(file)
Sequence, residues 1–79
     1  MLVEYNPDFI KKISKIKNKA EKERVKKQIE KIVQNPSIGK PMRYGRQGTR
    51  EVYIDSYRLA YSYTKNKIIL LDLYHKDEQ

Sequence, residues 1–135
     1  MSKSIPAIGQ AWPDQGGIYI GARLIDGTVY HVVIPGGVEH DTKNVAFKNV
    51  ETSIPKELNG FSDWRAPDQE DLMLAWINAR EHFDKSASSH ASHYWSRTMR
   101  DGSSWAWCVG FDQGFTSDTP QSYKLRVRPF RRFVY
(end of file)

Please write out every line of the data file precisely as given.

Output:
Sequence, residues 1–79
     1  MLVEYNPDFI KKISKIKNKA EKERVKKQIE KIVQNPSIGK PMRYGRQGTR
    51  EVYIDSYRLA YSYTKNKIIL LDLYHKDEQ

Sequence, residues 1–135
     1  MSKSIPAIGQ AWPDQGGIYI GARLIDGTVY HVVIPGGVEH DTKNVAFKNV
    51  ETSIPKELNG FSDWRAPDQE DLMLAWINAR EHFDKSASSH ASHYWSRTMR
   101  DGSSWAWCVG FDQGFTSDTP QSYKLRVRPF RRFVY